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Money is Not a Numbers Game

As a financial advisor with a background in psychology I can tell you with confidence, that money is not about the numbers.

If wealth was about numbers our richest citizens would be accountants and math professors. And though a few of them are billionaires, they would certainly not be the major players on Forbes annual list.

I have spent my career studying the question, ”Why are some people rich and some people poor?”. And this quest continues to both inspire and perplex me. And even at this stage of my professional journey, I am more confident of my ability to say what money is not.

First of all, money is not real. It is a representation. Not to get too esoteric, but money in and of itself has no intrinsic value. A carrot has intrinsic value. A goat in Peru as well as a chef in Paris can recognize that a carrot is to be eaten. However, if you drop a loonie in a kitchen with that same chef or the field where the goat is now happily crunching away, they would both be flummoxed. Money has to be assigned its meaning. And that meaning is highly dependent on the personal, environmental and cultural context it is placed in. If you were to drop $20 at the corner of Main and Hastings in Vancouver or at the bar of the members-only Terminal Club, the currency would be equally understood but the perceived value of that $20 would be potentially very different.

When there is conflict about finances it must be recognized that the conflict is about what the money represents. And determining this value system can be tricky. People often say that they value money for one reason but have unconscious needs or beliefs operating below the level of their awareness. This is also why discussions about money are often laden with strong emotion and stress.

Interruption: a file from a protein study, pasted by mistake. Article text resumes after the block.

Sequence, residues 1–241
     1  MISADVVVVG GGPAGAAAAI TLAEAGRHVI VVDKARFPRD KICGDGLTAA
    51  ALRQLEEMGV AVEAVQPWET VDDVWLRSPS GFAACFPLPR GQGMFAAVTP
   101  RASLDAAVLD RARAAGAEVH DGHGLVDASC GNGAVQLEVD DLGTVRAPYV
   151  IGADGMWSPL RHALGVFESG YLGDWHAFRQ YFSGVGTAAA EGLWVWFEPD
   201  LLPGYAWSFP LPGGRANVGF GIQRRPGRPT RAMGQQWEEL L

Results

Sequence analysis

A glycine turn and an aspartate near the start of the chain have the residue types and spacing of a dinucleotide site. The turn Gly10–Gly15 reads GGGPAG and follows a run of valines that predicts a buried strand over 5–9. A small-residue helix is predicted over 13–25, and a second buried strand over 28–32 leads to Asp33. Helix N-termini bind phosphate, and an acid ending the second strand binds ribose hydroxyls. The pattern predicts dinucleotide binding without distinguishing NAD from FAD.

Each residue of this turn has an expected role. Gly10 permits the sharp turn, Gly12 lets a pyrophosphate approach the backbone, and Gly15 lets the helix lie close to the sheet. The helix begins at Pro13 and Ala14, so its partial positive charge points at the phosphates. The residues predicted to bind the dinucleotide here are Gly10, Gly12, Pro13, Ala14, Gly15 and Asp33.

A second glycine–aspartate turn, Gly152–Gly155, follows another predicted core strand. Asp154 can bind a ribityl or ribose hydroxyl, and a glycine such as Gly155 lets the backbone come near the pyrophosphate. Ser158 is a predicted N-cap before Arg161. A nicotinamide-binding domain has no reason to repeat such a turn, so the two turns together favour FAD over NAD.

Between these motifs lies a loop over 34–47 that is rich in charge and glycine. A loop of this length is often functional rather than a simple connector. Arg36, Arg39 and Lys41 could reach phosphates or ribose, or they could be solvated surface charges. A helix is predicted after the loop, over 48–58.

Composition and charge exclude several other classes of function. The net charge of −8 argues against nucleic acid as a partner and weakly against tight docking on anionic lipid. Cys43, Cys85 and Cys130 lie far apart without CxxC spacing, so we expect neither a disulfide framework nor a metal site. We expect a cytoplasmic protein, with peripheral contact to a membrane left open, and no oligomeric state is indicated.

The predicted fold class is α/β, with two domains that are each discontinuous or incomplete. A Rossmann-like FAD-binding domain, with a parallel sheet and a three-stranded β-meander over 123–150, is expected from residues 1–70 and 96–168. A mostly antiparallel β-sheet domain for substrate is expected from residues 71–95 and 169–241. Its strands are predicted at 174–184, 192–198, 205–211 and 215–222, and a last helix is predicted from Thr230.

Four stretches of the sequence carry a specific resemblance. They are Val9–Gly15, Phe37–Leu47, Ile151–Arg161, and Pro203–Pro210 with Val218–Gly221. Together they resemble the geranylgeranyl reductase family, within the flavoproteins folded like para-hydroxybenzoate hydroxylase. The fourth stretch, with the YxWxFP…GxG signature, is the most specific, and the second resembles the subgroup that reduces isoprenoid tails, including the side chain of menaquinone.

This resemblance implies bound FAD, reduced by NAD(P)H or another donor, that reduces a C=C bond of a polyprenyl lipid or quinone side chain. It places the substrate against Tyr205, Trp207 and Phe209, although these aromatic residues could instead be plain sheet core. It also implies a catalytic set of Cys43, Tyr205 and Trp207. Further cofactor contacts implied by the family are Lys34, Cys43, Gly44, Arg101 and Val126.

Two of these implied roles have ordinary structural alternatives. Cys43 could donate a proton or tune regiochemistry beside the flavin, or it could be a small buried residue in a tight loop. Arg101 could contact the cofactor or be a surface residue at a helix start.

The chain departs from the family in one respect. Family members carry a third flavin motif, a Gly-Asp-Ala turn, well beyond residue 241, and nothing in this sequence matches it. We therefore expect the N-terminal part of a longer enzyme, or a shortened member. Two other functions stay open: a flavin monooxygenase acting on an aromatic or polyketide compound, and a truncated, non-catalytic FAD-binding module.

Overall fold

I facilitate these discussions on a daily basis. At Sophia Financial, where I work, our philosophy is that, “we believe that people should boss money around and not vice versa”. But that is an ambitious objective. Because we must delve and dive patiently, tenaciously until we discover what money really means to each person, couple or family. At its very core, money is a form of energy, or in blunt terms, power. Whoever has the money has the power. It buys our survival and can protect us from our deepest fears. We all have a history with money and a current belief system about it. As does our culture. We may say it does not matter but the world will quickly disavow us of that notion. Just try paying a mortgage or feeding your family without it.

So, whether we are professionals in the domain of money management or we are in the throes of a negotiation about it, we must be very respectful of the shapeshifting nature of money and the people discussing it. When people are angry and tearful they are most likely not talking about the numbers on their pension form or the cost of tuition, they are associating these numbers with deeply held beliefs and strongly anchored feelings. Acknowledging this complexity will go a long way to successfully negotiating healthy, positive agreements.


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